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The Finer Points of Microtia Ear Surgery

Author Dana Schmitz covers The Finer Points of Microtia Ear Surgery on BackTable ENT

Dana Schmitz • Feb 15, 2024 • 31 hits

From deciding the ideal length of the rib incision to the technique required for handling cartilage and ensuring the patient's safety, rib harvesting and the construction of the skin pocket are two techniques in microtia ear reconstruction surgery that require precision and skill. After excision of the rib, pleural defects must be detected and repaired. Furthermore, constructing a skin pocket that supports the vascular supply while accommodating the newly crafted ear framework requires a delicate balance, underscoring the significance of precision and aesthetic judgment in achieving optimal outcomes.

Pediatric otolaryngologist Dr. Mai Thy Truong provides an in-depth review of her approach to microtia reconstruction, with an emphasis on the subtle but important nuances that can determine surgical success. This article features excerpts from the BackTable ENT Podcast. We’ve provided the highlight reel in this article, but you can listen to the full podcast below.

The BackTable ENT Brief

• During microtia surgery, the ipsilateral rib is preferred for its natural curve that fits the ear's base plate.

• A 5 to 7-centimeter incision, typically placed 2-fingerbreadths above the costal margin, offers better ease during the rib harvesting phase of the procedure.

• While harvesting the rib, a helical rim of 10 centimeters is preferred.

• When checking for pneumothorax or pleural injuries after rib excision, a single Valsalva might not detect small openings. Filling the cavity with water before the Valsalva offers a more sensitive approach.

• The "burping the wound" technique involves the patient breathing under the guidance of the anesthesiologist, helping to release trapped air and uncover potential pleural openings.

• To manage post-operative pain, the ON-Q pump, which dispenses a steady drip of bupivacaine, is introduced at the muscle layer.

• The risk of seromas post rib incision is diminished with the employment of a JP drain.

• Dr. Truong recommends dissecting a skin pocket that is at least 1 cm larger than the ear's boundary for appropriate skin draping.

• When determining skin thickness of the pocket, balance between ensuring visibility of the ear framework while still being thick enough to maintain a healthy blood supply.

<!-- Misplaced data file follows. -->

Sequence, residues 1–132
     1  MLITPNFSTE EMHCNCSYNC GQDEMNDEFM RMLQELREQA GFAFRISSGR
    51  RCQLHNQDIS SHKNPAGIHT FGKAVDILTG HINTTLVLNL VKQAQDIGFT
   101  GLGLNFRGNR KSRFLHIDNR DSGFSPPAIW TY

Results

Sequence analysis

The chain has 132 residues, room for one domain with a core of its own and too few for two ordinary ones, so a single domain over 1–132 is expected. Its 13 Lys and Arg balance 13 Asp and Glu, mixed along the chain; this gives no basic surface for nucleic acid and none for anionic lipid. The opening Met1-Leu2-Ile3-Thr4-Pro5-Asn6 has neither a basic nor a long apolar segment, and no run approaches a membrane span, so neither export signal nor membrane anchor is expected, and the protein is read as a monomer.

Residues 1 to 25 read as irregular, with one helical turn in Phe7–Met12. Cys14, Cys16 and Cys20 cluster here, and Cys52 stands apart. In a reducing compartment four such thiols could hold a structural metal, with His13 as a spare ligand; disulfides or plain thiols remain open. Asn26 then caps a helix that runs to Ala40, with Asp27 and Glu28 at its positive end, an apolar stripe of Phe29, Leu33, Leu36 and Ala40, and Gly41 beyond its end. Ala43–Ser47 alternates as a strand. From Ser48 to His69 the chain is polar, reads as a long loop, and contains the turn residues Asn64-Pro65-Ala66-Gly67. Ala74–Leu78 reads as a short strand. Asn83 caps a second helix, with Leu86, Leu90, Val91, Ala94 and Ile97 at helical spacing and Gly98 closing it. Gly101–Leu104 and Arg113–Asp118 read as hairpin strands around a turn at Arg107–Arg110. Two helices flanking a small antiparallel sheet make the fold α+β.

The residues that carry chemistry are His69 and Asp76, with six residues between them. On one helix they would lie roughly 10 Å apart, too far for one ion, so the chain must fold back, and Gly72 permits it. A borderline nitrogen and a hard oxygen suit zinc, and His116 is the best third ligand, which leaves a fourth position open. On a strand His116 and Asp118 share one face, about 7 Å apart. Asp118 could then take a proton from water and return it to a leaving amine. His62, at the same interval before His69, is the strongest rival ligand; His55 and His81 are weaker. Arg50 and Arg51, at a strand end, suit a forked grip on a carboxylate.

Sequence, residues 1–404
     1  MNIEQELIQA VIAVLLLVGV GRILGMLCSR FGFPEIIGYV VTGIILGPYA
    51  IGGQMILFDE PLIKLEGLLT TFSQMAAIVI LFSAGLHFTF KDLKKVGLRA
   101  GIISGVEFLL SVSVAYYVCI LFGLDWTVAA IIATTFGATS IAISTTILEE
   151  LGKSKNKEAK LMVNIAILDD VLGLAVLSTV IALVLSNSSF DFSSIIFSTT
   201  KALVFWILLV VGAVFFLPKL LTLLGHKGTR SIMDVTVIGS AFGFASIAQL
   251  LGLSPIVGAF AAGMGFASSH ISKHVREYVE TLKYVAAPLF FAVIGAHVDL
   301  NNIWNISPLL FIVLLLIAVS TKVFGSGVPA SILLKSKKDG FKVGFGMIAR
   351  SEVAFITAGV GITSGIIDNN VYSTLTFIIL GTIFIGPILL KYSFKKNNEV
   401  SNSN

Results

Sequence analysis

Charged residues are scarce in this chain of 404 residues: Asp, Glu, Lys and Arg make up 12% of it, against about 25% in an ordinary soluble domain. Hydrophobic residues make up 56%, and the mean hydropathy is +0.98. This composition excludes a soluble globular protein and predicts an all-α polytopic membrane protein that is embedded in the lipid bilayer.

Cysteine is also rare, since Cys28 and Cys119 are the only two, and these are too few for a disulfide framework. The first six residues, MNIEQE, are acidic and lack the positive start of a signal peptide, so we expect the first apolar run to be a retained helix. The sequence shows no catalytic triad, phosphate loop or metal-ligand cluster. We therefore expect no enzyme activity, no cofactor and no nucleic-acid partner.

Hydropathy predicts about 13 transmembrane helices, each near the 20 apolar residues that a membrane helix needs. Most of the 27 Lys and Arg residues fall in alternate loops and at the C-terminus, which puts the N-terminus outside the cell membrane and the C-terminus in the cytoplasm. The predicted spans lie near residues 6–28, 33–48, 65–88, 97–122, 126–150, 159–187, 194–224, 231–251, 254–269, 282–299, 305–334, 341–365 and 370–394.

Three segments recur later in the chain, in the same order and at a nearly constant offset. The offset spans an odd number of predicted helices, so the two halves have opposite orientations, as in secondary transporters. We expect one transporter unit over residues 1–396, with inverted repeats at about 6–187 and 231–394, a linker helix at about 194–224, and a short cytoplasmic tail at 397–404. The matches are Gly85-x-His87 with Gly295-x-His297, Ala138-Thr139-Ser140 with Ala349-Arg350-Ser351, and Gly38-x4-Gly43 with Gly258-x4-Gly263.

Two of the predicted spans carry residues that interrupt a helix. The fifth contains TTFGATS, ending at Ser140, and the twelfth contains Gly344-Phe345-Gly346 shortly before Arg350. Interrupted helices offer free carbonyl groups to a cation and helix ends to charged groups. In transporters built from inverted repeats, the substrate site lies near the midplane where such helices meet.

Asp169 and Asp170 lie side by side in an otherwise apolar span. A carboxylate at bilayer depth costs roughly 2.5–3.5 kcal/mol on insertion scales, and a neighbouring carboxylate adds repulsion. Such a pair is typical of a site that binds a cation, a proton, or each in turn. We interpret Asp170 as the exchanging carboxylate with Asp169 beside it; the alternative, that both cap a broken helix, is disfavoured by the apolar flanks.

The Finer Points of Microtia Ear Surgery

Table of Contents

(1) Rib Harvesting for Microtia Ear Reconstruction

(2) Pleural Defect Detection & Repair in Microtia Ear Reconstruction Surgery

(3) Crafting the Ideal Skin Pocket in Microtia Ear Surgery

Rib Harvesting for Microtia Ear Reconstruction

Microtia surgery often requires the harvesting of rib cartilage for effective ear reconstruction. The ipsilateral rib is commonly used due to its inherent curve that complements the ear's base plate. While there are multiple ways to approach the rib incision, a 5 to 7-centimeter incision is ideal. Cleaning the surface to visibly discern the bony cartilaginous junction and the use of a "bone scraper" are pivotal in ensuring the precision of the procedure. The tools and techniques in microtia surgery demand a unique set of skills; for example, rib harvesting during a rhinoplasty is markedly different, as Dr. Truong describes below.

[Dr. Gopi Shah]
Okay. Then this is [laughs] a silly question, but are you always doing ipsilateral ribs? Do you ever?

[Dr. Mai Thy Truong]
Always.

[Dr. Gopi Shah]
Okay. Always. In your field as well, are y'all harvesting rib first or making your ear? You have a two-surgeon team. How do y'all get to play together?

[Dr. Mai Thy Truong]
First, let me just clarify, Burt Brent's technique is opposite rib. That is advantageous for two-surgeon teams because you're not in each other's way. Dr. Firmin liked the shape of having the rib from the same side because what happens is the curve of that cartilage is perfect for the curve of the ear, the base plate of the ear. That means that we're all on the same side, which is a little challenging. We started out a two-surgeon team, helping each other on the rib and then helping each other on the skin pocket. That way, Dr. Chang and I learned the surgery well together, but that took a long time. That was a long surgery.

Now we're really efficient because one person harvests rib, the other does the skin pocket. We work at the same time. Then when the rib is done, the remaining skin pocket area is dealt with, the part that couldn't get done because the surgeon was standing there.

[Dr. Gopi Shah]